We're going to become more efficient at doing that thing. So we actually need to challenge it more and more and more and more and more. Okay, but again, this is a progressive path that we take. We're not looking to overdo that um stress because then that response is going to damage us. We're spending a lot of time getting back to baseline. All right, so um there's many, many different tools to look at progressive overload and I'm gonna give you guys um uh some tools to think about moving forward. Okay, so an exercise that I like doing is a Turkish get up. Okay, a Turkish get up is an excellent exercise for building strength, mobility, stability, endurance, et cetera. I also like to use it as an assessment for my fighters. So we can start looking at um where they're holding tension, where they're losing a little bit of stability in the shoulder girl, um Where there may be favoring recruitment patterns in the legs, whether they're pulling through the hips, the hamstrings or whether they're pushing through the quads. Okay, so, I'm using that as an assessment tool.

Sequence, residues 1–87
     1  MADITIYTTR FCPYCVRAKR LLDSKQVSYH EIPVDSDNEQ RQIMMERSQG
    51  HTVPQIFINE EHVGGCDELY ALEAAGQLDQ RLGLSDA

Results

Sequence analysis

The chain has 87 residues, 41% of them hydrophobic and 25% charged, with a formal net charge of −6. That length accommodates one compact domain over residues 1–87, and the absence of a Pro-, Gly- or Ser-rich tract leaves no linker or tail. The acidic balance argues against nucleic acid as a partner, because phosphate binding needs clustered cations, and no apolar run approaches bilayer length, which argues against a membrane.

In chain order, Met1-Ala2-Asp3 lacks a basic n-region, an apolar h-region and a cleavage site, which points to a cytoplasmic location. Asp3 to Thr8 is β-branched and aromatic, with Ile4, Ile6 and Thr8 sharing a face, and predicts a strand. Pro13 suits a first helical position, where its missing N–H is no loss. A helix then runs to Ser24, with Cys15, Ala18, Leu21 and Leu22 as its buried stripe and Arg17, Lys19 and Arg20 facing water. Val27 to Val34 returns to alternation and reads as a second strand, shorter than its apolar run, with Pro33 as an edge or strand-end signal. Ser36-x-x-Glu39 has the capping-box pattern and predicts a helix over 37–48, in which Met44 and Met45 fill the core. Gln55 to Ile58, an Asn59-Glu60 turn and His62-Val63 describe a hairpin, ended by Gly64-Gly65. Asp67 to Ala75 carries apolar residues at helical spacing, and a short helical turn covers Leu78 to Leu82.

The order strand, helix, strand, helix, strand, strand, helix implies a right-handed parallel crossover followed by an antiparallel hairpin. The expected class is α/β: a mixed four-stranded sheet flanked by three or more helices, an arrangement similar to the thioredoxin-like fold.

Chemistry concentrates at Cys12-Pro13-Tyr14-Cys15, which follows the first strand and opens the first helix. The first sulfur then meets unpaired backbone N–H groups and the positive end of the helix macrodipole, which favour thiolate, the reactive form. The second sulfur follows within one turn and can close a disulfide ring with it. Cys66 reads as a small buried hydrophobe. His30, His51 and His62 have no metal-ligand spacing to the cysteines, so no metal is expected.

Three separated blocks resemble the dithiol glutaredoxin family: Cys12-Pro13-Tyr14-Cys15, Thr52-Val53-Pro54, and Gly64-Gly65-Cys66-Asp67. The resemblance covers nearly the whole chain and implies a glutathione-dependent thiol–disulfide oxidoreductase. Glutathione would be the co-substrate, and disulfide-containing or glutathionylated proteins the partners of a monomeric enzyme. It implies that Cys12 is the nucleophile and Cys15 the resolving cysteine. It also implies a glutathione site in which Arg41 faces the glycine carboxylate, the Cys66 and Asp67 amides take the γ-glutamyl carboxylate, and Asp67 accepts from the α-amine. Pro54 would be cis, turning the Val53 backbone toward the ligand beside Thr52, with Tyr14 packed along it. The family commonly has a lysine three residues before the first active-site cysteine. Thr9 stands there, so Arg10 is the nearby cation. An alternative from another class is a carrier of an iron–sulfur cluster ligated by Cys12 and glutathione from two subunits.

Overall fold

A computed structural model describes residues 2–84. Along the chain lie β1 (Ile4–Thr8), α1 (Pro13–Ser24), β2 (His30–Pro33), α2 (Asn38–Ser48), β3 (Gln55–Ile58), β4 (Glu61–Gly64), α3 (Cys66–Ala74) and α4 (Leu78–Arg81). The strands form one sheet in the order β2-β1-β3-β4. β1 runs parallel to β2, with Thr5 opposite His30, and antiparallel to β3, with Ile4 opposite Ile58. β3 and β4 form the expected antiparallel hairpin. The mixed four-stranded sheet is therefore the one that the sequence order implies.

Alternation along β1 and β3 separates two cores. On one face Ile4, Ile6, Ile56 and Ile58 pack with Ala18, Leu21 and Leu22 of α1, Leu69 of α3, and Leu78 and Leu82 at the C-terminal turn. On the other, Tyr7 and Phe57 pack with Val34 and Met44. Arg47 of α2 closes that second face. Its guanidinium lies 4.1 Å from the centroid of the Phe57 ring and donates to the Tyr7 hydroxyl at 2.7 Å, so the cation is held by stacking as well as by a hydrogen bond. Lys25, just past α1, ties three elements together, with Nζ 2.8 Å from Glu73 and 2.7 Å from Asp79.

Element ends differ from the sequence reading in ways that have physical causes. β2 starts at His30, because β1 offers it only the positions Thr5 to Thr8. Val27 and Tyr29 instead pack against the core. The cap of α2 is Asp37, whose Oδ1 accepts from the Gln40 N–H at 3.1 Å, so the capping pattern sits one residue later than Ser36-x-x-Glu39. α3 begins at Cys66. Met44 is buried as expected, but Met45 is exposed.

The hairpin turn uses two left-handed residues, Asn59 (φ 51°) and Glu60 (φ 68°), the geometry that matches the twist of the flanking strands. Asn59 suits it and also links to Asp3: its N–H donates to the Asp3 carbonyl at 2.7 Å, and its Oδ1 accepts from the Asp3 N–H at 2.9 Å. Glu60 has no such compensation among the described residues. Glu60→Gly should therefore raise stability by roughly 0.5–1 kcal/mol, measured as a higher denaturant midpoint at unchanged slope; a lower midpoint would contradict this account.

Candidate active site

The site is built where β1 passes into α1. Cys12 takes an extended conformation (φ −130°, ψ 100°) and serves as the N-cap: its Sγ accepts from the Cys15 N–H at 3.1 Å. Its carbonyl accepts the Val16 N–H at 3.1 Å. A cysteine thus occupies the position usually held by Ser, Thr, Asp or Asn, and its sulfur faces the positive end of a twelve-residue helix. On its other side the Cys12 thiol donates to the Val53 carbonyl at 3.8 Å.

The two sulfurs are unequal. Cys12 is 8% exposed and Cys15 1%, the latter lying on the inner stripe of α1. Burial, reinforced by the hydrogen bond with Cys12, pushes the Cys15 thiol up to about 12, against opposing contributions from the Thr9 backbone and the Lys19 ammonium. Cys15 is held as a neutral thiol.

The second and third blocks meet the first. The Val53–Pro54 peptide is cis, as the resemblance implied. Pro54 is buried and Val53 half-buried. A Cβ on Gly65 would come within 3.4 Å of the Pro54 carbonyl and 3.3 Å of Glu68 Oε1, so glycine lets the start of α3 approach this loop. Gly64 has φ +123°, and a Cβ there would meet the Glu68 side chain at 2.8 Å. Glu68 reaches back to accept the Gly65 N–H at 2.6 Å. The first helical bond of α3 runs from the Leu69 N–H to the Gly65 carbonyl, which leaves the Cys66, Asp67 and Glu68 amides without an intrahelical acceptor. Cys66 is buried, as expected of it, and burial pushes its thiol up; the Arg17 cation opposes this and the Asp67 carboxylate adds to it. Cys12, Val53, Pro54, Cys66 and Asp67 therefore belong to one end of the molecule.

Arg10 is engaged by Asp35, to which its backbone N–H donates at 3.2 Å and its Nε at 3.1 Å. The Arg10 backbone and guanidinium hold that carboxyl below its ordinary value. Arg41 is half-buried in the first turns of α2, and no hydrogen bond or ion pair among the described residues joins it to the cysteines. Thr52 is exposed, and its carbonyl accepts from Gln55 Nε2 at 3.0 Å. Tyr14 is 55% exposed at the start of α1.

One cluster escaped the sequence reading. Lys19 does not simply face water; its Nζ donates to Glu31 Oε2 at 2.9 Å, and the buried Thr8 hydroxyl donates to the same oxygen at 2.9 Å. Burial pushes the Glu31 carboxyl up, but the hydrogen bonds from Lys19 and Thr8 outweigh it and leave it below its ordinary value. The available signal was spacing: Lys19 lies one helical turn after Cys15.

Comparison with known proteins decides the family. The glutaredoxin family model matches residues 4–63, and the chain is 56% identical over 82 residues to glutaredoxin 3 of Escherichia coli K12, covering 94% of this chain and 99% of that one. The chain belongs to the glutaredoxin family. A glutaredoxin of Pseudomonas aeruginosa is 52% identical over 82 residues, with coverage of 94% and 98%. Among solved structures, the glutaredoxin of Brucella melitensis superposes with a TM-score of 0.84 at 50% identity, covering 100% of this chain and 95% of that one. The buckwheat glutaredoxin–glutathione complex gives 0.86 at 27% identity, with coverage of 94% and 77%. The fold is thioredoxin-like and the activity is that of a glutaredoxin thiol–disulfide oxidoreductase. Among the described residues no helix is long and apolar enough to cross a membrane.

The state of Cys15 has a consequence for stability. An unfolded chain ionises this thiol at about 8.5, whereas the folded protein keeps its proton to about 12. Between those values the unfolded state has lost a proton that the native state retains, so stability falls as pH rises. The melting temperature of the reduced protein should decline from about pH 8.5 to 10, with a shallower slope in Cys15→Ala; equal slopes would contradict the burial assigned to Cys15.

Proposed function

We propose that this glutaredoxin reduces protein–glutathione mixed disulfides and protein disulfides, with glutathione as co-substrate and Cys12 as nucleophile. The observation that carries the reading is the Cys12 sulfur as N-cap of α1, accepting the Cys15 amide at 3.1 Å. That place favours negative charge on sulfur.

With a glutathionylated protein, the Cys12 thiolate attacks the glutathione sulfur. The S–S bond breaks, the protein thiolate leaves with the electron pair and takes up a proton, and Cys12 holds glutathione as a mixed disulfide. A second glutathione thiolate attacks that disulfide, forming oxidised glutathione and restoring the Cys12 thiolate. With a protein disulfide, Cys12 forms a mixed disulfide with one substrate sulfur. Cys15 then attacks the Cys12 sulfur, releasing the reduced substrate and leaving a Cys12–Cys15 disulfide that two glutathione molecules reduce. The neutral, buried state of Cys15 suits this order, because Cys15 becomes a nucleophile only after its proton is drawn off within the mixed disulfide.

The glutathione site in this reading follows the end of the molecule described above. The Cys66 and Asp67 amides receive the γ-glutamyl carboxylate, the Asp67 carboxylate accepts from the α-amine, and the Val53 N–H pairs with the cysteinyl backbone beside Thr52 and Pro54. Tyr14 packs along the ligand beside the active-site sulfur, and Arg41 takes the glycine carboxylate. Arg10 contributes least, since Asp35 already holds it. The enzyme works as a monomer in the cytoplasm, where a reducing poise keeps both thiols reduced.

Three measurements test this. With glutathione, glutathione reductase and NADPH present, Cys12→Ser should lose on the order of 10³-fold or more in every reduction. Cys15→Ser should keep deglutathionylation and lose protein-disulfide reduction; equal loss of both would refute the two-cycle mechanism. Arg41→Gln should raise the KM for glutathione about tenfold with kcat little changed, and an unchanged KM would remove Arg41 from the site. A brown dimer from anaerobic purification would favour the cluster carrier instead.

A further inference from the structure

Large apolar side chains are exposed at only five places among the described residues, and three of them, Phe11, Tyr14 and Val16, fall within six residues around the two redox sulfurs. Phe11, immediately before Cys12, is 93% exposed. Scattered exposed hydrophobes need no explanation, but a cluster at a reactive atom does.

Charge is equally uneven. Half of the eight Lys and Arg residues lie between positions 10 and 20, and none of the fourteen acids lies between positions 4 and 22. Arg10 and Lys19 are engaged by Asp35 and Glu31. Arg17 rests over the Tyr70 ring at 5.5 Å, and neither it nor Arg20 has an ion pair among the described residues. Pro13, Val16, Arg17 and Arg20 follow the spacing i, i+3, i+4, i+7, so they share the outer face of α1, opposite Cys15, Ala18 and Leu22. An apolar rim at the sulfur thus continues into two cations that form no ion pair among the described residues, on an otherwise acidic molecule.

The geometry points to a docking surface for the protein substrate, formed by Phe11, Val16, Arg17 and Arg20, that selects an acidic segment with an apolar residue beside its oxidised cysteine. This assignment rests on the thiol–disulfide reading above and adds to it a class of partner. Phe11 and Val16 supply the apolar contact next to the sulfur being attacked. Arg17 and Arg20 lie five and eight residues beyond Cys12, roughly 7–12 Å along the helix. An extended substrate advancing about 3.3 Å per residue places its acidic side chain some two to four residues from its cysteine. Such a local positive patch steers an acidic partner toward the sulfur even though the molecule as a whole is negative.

Now. A number of ways to progressively overload this movement is to add weight. Okay? Or I can keep the same weight. Let's say I've got an athlete who's doing it with 12 kg kettlebell. Okay, I can move up to a 16 kg kettle bell, but that way it might be a little bit too heavy. Okay, they're losing stability. They're not getting the work that we want. Um And they're not maintaining good posture, alignment, control, et cetera. So, what I'm gonna do Is use that 12 kg cattle bell and get them to move slower and I might get them to pause in different positions, different joint angles, um Different loading patterns, different areas of the movement. Okay. What I also might do is get them to do an extra rep, or I might get them to do a couple of extra sets. Okay, I might also increase their range of movement. All right now. I can increase time under tension. Uh If I'm doing like a squat or something like that.